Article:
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Stocks rise following rebound in home sales

February 04, 2009|Associated Press

NEW YORK — Stocks rose sharply Tuesday on heartening home sales data and some better-than-expected corporate earnings, sending major stock indexes up more than 1%.

The Dow Jones industrials rose more than 140 points after losing almost 440 over the three preceding sessions.

The National Assn. of Realtors said buyers snapped up properties at steep discounts in December, especially in the South and Midwest, pushing the group's seasonally adjusted index of pending sales of existing homes up 6.3% from November's level.

"The market is encouraged by the more upbeat report on housing, albeit from a low level," said Alan Gayle, senior investment strategist at RidgeWorth Investments. "A key element of the current malaise is housing and credit-related. And the report on home sales suggests that we are making progress on that front."

Also helping lift the market were a number of corporate earnings reports.

Drug makers Merck and Schering-Plough released results that were better than analysts predicted, and builder D.R. Horton reported a loss that was narrower than forecast. UPS shares rose 6.1% on relief its results weren't worse.

Merck climbed 6.4%, Schering-Plough surged 8.2%, and D.R. Horton shot up 21%.

Not all the news on the earnings front was good.

Motorola posted a $3.6-billion loss and suspended its dividend. Analysts had expected it to break even. Its stock fell 11%.

Banking stocks slumped after PNC Financial Services Group said it swung to a loss in the fourth quarter on charges tied to its acquisition of National City. One of the country's largest bank companies, PNC also said it would cut 5,800 jobs. PNC's shares fell 7.2%.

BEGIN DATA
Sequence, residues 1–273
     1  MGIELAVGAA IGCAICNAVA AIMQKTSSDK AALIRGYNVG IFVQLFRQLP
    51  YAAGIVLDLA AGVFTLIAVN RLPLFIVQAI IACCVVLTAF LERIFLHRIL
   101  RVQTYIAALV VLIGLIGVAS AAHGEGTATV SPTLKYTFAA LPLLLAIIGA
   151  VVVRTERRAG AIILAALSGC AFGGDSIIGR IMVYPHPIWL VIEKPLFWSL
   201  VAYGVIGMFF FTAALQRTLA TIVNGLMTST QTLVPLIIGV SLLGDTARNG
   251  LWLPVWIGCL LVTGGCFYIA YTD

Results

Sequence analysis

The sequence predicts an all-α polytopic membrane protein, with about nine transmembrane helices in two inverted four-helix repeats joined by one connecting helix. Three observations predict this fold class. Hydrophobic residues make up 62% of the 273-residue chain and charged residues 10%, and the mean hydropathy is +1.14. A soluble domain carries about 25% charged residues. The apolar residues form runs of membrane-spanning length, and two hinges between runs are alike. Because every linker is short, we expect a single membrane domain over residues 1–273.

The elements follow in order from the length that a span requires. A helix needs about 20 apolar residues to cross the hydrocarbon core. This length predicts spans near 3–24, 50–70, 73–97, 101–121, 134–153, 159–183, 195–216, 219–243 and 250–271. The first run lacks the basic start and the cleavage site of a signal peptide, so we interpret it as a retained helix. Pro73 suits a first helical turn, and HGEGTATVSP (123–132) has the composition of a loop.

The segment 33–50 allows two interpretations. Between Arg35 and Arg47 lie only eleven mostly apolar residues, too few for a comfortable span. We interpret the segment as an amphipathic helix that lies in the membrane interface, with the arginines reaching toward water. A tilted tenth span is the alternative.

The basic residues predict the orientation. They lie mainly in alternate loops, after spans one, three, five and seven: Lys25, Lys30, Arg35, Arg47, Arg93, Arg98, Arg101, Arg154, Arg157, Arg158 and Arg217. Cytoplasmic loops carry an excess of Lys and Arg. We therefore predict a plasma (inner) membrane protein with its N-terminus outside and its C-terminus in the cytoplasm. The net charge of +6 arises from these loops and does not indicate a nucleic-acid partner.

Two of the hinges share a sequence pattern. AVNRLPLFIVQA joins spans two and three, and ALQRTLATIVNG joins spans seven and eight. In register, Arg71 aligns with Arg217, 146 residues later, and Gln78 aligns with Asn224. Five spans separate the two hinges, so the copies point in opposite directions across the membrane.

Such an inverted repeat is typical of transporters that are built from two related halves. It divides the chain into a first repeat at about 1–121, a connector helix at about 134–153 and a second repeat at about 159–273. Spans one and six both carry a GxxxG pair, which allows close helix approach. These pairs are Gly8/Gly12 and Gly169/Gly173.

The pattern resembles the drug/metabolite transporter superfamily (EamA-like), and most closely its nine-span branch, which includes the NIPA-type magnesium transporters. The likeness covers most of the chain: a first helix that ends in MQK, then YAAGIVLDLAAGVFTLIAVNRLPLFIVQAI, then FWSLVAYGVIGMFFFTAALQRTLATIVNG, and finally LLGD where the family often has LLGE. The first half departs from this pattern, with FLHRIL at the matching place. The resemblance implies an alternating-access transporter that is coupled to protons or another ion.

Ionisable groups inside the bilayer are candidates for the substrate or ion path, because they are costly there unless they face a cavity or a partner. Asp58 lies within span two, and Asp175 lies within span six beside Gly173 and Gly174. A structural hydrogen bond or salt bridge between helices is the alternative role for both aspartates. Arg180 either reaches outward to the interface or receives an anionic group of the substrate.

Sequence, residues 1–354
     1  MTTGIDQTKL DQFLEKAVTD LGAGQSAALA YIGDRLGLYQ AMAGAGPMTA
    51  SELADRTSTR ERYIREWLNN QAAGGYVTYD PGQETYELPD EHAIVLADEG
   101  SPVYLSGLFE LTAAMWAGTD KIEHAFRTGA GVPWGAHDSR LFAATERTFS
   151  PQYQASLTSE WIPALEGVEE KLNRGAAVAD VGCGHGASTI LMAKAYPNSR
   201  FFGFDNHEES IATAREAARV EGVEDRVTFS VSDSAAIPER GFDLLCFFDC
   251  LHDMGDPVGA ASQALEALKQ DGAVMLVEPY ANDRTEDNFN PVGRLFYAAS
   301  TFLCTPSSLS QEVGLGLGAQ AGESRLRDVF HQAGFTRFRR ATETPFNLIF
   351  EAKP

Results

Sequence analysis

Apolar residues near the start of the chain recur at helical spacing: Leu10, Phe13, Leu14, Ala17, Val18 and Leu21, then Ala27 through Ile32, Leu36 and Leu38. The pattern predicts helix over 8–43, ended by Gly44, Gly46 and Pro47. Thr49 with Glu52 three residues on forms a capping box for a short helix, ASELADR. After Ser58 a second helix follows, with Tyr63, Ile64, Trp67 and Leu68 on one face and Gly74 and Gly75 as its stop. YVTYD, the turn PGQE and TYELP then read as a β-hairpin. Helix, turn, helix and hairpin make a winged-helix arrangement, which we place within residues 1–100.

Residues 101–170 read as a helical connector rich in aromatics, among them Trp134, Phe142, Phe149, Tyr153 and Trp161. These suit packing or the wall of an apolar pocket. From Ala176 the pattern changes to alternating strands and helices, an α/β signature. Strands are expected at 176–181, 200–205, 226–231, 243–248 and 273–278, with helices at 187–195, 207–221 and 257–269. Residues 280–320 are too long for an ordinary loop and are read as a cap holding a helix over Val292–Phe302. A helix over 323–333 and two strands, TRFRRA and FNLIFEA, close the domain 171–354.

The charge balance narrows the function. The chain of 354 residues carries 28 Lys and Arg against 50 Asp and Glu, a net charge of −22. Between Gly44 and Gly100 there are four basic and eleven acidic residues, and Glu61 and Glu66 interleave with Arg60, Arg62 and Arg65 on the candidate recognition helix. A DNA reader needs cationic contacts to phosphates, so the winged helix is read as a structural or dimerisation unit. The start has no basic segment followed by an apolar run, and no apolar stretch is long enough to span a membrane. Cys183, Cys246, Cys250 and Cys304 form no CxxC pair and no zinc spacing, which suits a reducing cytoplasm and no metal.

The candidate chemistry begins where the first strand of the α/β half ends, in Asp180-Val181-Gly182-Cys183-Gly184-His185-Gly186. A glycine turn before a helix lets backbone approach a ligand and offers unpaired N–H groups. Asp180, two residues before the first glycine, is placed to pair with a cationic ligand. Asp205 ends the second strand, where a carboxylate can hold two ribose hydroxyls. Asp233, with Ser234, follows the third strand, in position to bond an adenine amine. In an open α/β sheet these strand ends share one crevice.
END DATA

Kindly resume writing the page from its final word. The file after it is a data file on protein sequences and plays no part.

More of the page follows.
Financial stocks in the Standard & Poor's 500 index slumped 2.5% on average, the only one of the index's 10 main industry groups to show a decline. Bank of America sank 12%, while regional bank SunTrust tumbled 16%.

The Dow Jones industrial average jumped 141.53 points, or 1.8%, to 8,078.36.

The S&P 500 rose 13.07 points, or 1.6%, to 838.51, and the Nasdaq composite index rose 21.87 points, or 1.5%, to 1,516.30.

The Russell 2,000 index of smaller companies rose 0.7%.

Losing stocks outnumbered gainers 3 to 2 on the New York Stock Exchange.

Investors also took comfort from comments by Treasury Secretary Timothy Geithner, who told the Wall Street Journal that the government needed to spend a lot to send a jolt through the economy.

Yields on Treasury bonds rose along with stocks. The benchmark 10-year Treasury note rose to 2.84% from 2.71% late Monday. The yield on the three-month T-bill, considered one of the safest investments, rose to 0.32%, its highest level since December, from 0.26% on Monday.

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